The food industry and the IAEA wants to prevent more people from dying of food related diseases by using radioactive materials to clean our produce. Kalle Bergman is confused.
By Kalle Bergman
This time – in Germany – it was bean sprouts. I won’t claim to know a lot about the German bean sprout industry, but what I find interesting (or should I say scary) is that the EHEC outbreak has not really given birth to any serious discussion on what is causing these diseases in the first place. Instead the debate is focused on how to prevent humans from dying next time around.
Now don’t get me wrong. I’m all for preventing humans from dying. But some scientists argue that since industrial farming create so much waste, there is desperate need for new technologies to help clean bacteria from our food before it’s sold to and consumed by people like you and me. And, this is where I’m lost in translation. The industry apparently doesn’t care about the original problem – the fact that modern growing methods seriously pollute and damage both the environment and the food we eat – and sets out to change that. Instead they work their well educated asses off to find new technologies that can save us from the horrors they are serving us on a daily basis. It’s like instead of trying to make nuclear plants safer, we decide to buy really good nuclear protection suits for everyone.
And it is actually very nuclear. The last few weeks voices have been raised to approve the use of radiation to clean away the bacteria (called irradiation) in the EU. The IAEA people are seriously promoting sterilizing food with radioactive cobalt 60 or caesium 137, which supposedly kills off bacteria in a “safe” way (the technology has been legal in the US since 2006). Am I the only one who is not only scared – but confused as to why the solution to the problem isn’t to not cause the problem in the first place?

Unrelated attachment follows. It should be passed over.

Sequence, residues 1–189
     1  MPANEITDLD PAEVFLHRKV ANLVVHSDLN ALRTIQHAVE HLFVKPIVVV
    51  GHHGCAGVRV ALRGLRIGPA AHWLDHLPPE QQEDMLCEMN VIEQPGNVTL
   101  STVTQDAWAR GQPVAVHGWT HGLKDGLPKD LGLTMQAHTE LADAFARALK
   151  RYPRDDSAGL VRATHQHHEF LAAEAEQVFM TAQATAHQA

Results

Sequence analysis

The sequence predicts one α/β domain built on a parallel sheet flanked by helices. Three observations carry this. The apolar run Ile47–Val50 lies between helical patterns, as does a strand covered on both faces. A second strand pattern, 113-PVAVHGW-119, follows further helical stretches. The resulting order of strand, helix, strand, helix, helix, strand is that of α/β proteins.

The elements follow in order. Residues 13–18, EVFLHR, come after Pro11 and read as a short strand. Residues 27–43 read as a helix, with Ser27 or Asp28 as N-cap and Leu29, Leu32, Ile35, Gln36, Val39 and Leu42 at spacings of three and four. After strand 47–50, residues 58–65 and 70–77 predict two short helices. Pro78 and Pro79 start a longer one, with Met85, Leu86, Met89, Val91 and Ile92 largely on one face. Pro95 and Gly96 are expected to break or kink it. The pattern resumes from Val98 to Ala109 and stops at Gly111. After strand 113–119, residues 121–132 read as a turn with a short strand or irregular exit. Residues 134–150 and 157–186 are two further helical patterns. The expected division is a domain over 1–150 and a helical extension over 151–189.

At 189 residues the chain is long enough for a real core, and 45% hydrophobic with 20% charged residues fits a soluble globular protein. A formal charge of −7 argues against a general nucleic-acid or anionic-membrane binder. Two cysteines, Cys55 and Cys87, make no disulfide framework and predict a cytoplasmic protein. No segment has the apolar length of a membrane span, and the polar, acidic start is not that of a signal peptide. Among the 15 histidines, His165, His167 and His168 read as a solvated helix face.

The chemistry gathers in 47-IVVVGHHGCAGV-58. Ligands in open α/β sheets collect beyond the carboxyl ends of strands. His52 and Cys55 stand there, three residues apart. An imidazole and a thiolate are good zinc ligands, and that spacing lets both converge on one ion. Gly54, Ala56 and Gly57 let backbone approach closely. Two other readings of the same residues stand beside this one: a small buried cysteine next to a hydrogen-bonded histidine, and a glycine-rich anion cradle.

It’s the same in animal breeding. The industry’s solution to the fact that animal “production” (we don’t actually breed animals anymore) is polluting our world and subsequently ourselves, is not to start breeding healthy animals in a healthy environment. No, that’s way too expensive. The solution is to keep producing sick animals, but medicate the hell out of them. And then we eat them. It’s cheaper that way, so therefore it must be better. And when the next disease hits, we’ll just find some other chemical, medication or magical ray of light to prevent that particular disease from killing more people. Until the next one appears.
Naturally, there is another way. We can produce meat and vegetables that don’t kill our earth or ourselves, and still feed all of us. But that includes a shift in attitude that needs to start with us – the consumers. We need to start looking at what we put in our shopping baskets every day. Do we need very very cheap meat every day of the week, or can we cut down and eat less meat but better meat? Do we need fruit that isn’t in season every day, or can we adjust our diets according to what grows naturally in our region? Do we need to buy huge amounts of cheap produce and prefabricated food, or can we shop fewer and better things – and cook them ourselves?
In the end, it’s all up to us. Because the industry won’t do it for us. Their supreme argument is always that the consumers want it. And they’re absolutely right. As long as we – the consumers – don’t mind the occasional E-coli death or having our spinach nuked before we eat it, there will be no change. If the price of food is the only thing we care about, the quality of food will never improve.
So the question is if our own health really is a fair price to pay for a cheap cut of chicken?
Kalle Bergman is a food writer and media entrepreneur who is the founder of Honest Cooking. As a food writer, his writing has been regularly featured in publications like Gourmet, Los Angeles Times, Huffington Post and Serious Eats. He is obsessed with simple food, more often than not from his native Scandinavia.